Quash Proceedings U/s 12 Domestic Violence Act Not Maintainable: Kerala HC [Read Order]

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Petition U/s 482 CrPC To Quash Proceedings U/s 12 Domestic Violence Act Not Maintainable: Kerala HC [Read Order]
By – LIVELAW NEWS NETWORKUpdate: 2020-09-21 08:20 GMT
Petition U/s 482 CrPC To Quash Proceedings U/s 12 Domestic Violence Act Not Maintainable: Kerala HC [Read Order]

The Kerala High Court has observed that, a magistrate shall consider maintainability of the application filed under Section 12 of the Protection of Women from Domestic Violence Act, if such a contention is raised by the opposite party.

A party against whom a proceedings is initiated under Section 12 of the Act cannot approach the High court for quashing the proceedings invoking the power under Section 482 of the Code of Criminal Procedure, the Court reiterated.

Mother in Law and Sister in Law of a complainant-woman had approached the High Court seeking to quash proceedings as against them under the Domestic Violence Act. It was contended that the allegations in the complaint as against them, are vague and ambiguous and the Magistrate, in the circumstances, ought not to have issued notice to the petitioners in the proceedings.

While considering their plea, Justice PB Suresh Kumar noted that in Vijayalekshmi Amma v. Bindu, 2010 (1) KLT 79, it was held that a party against whom a proceedings is initiated under Section 12 of the Act cannot approach the High court for quashing the proceedings, invoking the power under Section 482 of the Code, and the said power can be exercised only in appropriate cases either to give effect to any order passed under the Act or to prevent abuse of the process of the court or to secure the ends of justice, when cognizance is taken by the Magistrate for an offence under sub- section (1) of Section 31 or Section 33 of the Act. Referring to the said judgment, the Court observed:

“This Court has held in the said case that a person to whom notice is issued by the Magistrate in an application under Section 12 of the Act can appear before the Magistrate and contend that the proceedings is not maintainable against him, on the ground either that the person who filed the application is not an ‘aggrieved person’ as defined in Section 2(a) of the Act, or that he would not fall within the definition of the ‘respondent’ in Section 2(q) of the Act, or that the allegations do not make out a case of ‘domestic violence’ as defined in Section 2(g) of the Act or that the reliefs sought are not reliefs provided for in the Act. It was also held by this Court in the said case that such contentions as regards the maintainability of the application, if raised, shall be decided by the Magistrate. It was further held by this Court in the said case that so long as the respondent is not an accused in a proceedings initiated under the Act, he is not even obliged to apply for bail in respect of such proceedings and his personal presence is not mandatory for hearing and disposing of an application under Section 12. In the light of the decision of this Court in Vijayalekshmi, according to me, the Criminal M.C. is not maintainable.”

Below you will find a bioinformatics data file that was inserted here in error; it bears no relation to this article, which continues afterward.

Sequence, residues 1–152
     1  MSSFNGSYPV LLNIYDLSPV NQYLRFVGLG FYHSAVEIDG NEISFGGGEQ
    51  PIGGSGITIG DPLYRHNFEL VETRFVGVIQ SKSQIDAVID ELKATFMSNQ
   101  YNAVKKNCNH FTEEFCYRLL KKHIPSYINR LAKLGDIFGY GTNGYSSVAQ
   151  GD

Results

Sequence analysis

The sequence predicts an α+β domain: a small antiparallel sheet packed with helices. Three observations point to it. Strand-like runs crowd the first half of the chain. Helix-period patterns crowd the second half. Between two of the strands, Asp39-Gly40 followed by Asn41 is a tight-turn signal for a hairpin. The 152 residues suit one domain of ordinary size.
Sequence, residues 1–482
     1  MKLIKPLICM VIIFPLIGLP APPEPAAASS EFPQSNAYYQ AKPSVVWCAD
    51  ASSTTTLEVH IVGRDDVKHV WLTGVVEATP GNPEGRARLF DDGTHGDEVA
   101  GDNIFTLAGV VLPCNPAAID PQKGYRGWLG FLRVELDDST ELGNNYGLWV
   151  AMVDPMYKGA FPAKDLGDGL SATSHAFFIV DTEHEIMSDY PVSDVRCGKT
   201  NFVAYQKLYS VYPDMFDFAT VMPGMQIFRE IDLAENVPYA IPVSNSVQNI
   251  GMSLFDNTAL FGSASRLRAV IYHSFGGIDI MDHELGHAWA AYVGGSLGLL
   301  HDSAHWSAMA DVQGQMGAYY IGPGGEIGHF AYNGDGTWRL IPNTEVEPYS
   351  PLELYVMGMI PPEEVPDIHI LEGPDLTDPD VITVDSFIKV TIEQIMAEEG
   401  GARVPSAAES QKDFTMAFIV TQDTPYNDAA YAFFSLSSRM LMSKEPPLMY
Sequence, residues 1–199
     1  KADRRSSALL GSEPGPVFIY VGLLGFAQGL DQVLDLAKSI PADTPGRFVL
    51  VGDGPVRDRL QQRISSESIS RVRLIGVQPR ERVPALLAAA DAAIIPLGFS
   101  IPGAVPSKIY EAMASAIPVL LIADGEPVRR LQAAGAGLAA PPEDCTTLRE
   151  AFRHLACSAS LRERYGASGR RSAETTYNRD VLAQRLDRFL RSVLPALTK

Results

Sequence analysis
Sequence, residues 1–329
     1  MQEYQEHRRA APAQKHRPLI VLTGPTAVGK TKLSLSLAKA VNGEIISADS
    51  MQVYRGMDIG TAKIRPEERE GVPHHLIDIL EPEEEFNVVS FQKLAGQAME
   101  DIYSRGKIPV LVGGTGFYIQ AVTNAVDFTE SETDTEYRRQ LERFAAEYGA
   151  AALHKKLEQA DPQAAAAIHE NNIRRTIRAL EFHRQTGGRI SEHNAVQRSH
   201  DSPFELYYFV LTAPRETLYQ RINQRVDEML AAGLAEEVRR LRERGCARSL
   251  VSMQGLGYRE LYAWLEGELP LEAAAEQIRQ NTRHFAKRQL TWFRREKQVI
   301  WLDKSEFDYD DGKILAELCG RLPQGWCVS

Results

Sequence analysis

It has become a common practice now to rope in the relatives, at times even distant relatives

The court further noted that it has become a common practice now to rope in the relatives, at times even distant relatives of the person from whom relief is essentially intended. Even while taking all endeavours possible to protect the aggrieved persons from domestic violence, the courts have to be extremely cautious and careful to ensure that its powers are not being abused, the court added. In this context, the judge further observed: